The narrow stairs that were built a few years later took up twenty-five percent of the interior space, making it even smaller.
How could the situation possibly be worse? McMahon had never gotten permission from the property’s owner, who lived in Oklahoma, to build on the lot!
Needless to say, the Newby-McMahon Building was quite an embarrassment for local officials. The oil boom ended shortly after the building was completed, and it was boarded up and fell into disrepair.
Once the economy regained its footing, several small businesses operated in the snug spaces of the structure, including a barbershop and restaurants. It is now home to an antique shop on the bottom floor, and artist studios above.
Luckily, the building has survived several potentially fatal events including a fire, a 2003 tornado, and attempts by locals to have it demolished.
Wichita’s City County granted $25,000 in funds for the building’s restoration in 2005. Now, it’s true that that’s as much as it cost to build it in the first place – but that was a different time. Now the people of this Texas town have a reminder of the oil boom, a curiosity of visitors and something to point to and tell an amazing tale.
It might be difficult to spot from a distance because there’s more “sky” than “scraper,” but it’s worth stopping by to see this scam-tastic little piece of Texas history.
When I hear the name Lady Bird Johnson, I immediately think of wildflowers. She was, after all, a visionary environmentalist who focused on protecting and preserving North America’s native plants, including Texas wildflowers.
But did you know that Texas native Lady Bird Johnson grew up in a haunted house?
High on a hill 2 ½ miles outside of Karnack, Texas an isolated white mansion surrounded by trees, fields and bayous houses a special place in Texas history — as well as its very own ghost.
The imposing, 17-room plantation style mansion known as the Brick House was built in 1843 by Cephus Andrews. It was also the site of a tragedy.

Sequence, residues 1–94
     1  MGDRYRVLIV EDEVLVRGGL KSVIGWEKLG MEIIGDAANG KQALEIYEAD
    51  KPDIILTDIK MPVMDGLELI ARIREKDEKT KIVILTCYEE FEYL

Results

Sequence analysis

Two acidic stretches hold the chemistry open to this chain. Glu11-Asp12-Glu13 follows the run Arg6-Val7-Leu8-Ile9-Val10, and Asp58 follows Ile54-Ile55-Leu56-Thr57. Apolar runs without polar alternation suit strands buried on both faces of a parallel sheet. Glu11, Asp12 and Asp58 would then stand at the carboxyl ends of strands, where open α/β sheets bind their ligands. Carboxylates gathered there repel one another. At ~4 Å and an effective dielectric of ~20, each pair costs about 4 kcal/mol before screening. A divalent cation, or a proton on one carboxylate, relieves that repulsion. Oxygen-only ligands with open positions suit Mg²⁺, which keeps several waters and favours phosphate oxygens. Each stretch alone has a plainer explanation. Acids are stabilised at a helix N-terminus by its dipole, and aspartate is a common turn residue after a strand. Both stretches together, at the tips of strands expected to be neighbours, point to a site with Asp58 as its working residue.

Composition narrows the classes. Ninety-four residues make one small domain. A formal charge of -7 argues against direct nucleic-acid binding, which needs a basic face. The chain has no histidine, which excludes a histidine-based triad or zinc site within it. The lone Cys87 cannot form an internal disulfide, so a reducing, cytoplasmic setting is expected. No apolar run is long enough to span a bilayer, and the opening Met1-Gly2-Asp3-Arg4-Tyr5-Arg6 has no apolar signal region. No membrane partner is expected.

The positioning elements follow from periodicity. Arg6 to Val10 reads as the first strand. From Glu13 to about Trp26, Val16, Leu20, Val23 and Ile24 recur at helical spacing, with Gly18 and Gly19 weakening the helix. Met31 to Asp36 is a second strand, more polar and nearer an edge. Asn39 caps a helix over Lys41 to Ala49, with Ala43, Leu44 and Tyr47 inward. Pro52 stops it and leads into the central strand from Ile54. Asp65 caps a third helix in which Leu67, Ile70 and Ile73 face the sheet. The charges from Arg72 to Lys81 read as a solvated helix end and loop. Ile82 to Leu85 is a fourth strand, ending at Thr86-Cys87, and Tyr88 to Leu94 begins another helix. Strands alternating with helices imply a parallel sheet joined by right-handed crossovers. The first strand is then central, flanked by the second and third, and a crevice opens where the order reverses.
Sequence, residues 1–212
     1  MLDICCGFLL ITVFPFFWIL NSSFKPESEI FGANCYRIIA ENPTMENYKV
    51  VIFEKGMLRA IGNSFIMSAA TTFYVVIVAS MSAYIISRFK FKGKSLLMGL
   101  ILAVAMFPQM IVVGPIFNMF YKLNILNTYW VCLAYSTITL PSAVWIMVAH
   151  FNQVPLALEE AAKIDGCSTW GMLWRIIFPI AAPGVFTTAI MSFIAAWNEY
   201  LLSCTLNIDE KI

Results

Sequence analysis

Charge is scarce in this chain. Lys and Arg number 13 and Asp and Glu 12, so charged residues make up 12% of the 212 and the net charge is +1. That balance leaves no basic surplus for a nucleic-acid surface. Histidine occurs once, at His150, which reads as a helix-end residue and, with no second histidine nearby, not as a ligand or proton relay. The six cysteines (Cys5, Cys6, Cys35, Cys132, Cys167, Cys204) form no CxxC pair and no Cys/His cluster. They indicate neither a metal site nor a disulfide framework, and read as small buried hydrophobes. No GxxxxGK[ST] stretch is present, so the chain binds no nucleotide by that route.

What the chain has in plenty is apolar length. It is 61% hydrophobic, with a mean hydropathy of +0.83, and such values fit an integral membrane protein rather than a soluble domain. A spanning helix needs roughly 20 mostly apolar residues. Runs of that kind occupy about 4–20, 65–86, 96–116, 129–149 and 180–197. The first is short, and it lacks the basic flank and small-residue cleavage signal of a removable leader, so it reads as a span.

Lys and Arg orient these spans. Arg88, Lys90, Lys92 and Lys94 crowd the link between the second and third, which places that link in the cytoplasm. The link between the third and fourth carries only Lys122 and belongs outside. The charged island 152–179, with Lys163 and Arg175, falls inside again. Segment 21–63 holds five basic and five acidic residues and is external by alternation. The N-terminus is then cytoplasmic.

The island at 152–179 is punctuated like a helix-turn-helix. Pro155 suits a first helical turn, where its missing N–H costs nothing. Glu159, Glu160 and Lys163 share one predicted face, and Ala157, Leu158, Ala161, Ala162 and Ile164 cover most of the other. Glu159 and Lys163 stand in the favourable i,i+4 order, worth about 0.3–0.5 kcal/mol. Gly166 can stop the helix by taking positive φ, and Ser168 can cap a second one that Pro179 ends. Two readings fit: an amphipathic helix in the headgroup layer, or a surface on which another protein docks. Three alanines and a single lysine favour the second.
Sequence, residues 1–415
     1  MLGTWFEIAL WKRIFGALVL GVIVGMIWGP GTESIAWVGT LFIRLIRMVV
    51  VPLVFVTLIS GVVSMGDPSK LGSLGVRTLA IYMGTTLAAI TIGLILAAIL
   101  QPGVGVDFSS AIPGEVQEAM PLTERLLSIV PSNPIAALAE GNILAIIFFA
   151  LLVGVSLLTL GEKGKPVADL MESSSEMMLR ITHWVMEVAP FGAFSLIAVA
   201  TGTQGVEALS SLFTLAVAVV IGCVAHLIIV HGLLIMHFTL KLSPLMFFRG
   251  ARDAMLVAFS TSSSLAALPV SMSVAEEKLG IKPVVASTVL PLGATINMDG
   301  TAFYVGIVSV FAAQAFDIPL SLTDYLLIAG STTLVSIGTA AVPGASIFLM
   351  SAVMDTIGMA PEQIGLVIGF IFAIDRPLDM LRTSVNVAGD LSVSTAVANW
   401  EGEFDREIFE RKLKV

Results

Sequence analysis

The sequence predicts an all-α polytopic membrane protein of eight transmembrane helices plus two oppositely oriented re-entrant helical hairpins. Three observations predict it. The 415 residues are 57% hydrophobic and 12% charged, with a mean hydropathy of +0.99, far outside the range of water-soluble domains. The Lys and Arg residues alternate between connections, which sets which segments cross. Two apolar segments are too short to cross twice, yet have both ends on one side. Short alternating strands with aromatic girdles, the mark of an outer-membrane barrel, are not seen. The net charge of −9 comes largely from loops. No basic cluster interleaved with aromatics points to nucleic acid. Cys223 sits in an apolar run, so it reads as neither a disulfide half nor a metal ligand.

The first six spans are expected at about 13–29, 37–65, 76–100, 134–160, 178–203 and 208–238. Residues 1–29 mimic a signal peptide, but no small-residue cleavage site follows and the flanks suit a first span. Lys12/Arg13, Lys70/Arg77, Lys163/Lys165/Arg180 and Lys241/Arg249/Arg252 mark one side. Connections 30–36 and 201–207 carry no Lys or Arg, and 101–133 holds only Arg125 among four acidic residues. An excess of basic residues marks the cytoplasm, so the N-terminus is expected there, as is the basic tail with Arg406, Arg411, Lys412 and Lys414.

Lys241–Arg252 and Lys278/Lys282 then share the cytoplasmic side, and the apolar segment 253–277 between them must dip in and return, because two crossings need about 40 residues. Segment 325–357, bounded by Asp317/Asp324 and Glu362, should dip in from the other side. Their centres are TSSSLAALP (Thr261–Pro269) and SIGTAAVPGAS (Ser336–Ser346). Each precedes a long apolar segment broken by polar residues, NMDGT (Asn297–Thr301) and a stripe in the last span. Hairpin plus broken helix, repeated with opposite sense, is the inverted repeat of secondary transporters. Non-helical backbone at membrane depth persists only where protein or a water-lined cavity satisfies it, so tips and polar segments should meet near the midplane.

In 1861 during a violent thunderstorm, Andrews’ 19-year-old daughter Eunice, known as “Oonie,” sat in her bedroom beside a fireplace. Lightning struck the chimney and raced downward striking the young girl and consuming her in flames.
Legend has it that Oonie’s spirit has never left the home. Stories have been passed down through the years of eerie noises, ghostly apparitions, misplaced objects and other odd occurrences…all attributed to poor Oonie.
In 1902 the Andrews family sold their home and thousands of acres of cotton to the wealthiest man in town, Thomas Jefferson Taylor. He also owned two cotton gins, a fishing business and two country stores emblazoned with boastful signs stating “T. J. Taylor—Dealer in Everything.”
Taylor and his wife Minnie had two sons, and in 1912 added their only daughter Claudia Alta Taylor. Her nursemaid took one look at the dark-haired baby and said she was “as purty as a lady bird.” The endearing nickname followed her throughout her life.
When Lady Bird was 5, the Brick House witnessed a second tragedy. Her mother fell down the staircase of the home and died a few days later from complications of a miscarriage caused by the accident.
Lady Bird, whose brothers were away at school (and weren’t even told about their mother’s death for almost a year), remained in the home and was raised by her maternal aunt Effie who came from Alabama to live at the home.